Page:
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  • Every rallies for win at Bay Hill

  • ORLANDO, Fla. — Matt Every is finally a winner on the PGA Tour, and he's still not sure how it happened.
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  • ORLANDO, Fla. — Matt Every is finally a winner on the PGA Tour, and he's still not sure how it happened.
    He was nine shots behind Masters champion Adam Scott going into the weekend at Bay Hill. He was still four back of the Australian he referred to as a "stud" going into the final round Sunday at the Arnold Palmer Invitational.
    Every figured even par over the last three holes would do the trick. He made two bogeys.
    Even after a hearty handshake from the tournament host and a shiny trophy an arm's length away from, Every summed up this wild day with just the right words.
    "I ... I ... I can't believe I won," he said. "I just ... I really can't."
    The tee shot that he feared might be out-of-bounds on No. 9 somehow bounced along a cart path and led to an unlikely birdie. He surged to a three-shot lead when Scott's touch with the putter vanished. Even with two bogeys on the last three holes — he missed a 4-foot par putt on the 18th — Every still closed with a 2-under 70.
    The last bogey made him sweat out the finish. Keegan Bradley, who birdied the 16th and 17th holes, had a 30-foot birdie putt on the 18th that would have forced a playoff. It was similar to the putt Tiger Woods has made so often to win at Bay Hill. Bradley's putt stayed left of the hole, and he finished one shot behind.
    Every finished at 13-under 275, one shot ahead of Bradley, who needed two late birdies for a 72. Scott was third.
    In his 92nd start as a pro on the PGA Tour, Every finally won at just the right time and just the right place.
    The 30-year-old who grew up 90 minutes away in Daytona Beach used to come to Bay Hill as a kid to watch the tournament. And he beat the Masters champion to earn his own spot in the Masters next month.
    "Being close to winning out here, it can be kind of discouraging because if you don't win, you just wonder if it's ever going to happen," Every said. "And sometimes you tell yourself, 'Well, maybe it's meant to be somewhere else, somewhere better.' I don't see how it could get much better than this — being so close to where I grew up and all the fans out there that were cheering me on. It was awesome."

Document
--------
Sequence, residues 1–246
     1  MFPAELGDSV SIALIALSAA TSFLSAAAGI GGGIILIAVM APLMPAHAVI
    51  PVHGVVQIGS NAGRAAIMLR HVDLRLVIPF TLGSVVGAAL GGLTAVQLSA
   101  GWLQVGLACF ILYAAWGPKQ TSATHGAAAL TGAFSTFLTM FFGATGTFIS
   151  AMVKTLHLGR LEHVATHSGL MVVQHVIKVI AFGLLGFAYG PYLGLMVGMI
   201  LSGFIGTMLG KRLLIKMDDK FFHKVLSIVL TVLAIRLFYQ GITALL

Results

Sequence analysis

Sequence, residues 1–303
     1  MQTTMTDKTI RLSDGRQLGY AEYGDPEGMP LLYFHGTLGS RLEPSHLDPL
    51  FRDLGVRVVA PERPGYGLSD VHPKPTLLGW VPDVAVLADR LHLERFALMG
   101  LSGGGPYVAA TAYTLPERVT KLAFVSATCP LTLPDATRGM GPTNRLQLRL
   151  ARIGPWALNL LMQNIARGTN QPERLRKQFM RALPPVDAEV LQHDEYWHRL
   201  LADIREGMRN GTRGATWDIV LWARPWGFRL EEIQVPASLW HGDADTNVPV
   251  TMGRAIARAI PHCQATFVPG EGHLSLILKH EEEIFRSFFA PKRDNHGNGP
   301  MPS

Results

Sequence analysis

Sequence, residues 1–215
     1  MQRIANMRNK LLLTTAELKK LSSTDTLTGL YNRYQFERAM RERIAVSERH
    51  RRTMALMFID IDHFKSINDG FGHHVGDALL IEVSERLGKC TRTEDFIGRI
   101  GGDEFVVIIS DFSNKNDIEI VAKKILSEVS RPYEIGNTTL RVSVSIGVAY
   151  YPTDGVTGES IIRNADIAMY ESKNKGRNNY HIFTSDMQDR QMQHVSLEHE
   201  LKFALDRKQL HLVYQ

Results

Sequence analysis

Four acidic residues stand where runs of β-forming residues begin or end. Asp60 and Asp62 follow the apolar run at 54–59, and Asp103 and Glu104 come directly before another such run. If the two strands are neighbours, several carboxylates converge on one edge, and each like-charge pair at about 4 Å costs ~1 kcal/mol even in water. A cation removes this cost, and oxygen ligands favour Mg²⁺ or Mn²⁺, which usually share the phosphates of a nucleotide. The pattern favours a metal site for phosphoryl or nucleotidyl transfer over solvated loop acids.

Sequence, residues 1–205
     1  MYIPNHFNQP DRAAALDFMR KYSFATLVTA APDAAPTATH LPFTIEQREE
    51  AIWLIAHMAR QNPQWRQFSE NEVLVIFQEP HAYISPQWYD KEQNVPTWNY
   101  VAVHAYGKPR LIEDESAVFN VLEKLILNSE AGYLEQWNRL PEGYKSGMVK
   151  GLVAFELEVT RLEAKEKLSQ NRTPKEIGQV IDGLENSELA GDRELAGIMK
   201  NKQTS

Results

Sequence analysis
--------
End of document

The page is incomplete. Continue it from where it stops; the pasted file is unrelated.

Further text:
JTBC Founders Cup
    At Phoenix, Karrie Webb flew up the leaderboard with a course-record 9-under 63, then waited about 90 minutes to see if anyone could catch her in the JTBC Founders Cup.
    No one could, giving the 39-year-old Australian her second victory of the season and second in four years at Desert Ridge. She won the Women's Australian Open last month and has 41 LPGA Tour victories.
    For the second time in the event, Webb overcame a six-stroke deficit in the final round to win. In 2011, she closed with a 66 for a one-stroke victory.
    The Hall of Famer birdied five of the last six holes, making a 20-footer on the 18th.
    Third-round leader Lydia Ko parred the final three holes to finish a stroke back along with 2013 winner Stacy Lewis, Azahara Munoz, Amy Yang and Mirim Lee.
    Mississippi Gulf Resort
    At Saucier, Miss., Jeff Maggert became the 17th player in Champions Tour history to win in his debut, shooting a 4-under 68 at the Mississippi Gulf Resort Classic at Fallen Oak.
    Maggert fell into a tie for the lead with Billy Andrade after making bogey on No. 16, but responded with an astonishing, 50-foot putt for birdie on No. 17 that pushed him back ahead.
    Maggert's decisive putt had a large break from left to right and was over a ridge, and the 50-year-old struck it perfectly, shaking his head in disbelief after it fell in the hole.
    Andrade, who started the day tied with Fred Funk for the lead, shot a 71 to finish in second two strokes back. Maggert finished the tournament with an 11-under 205.
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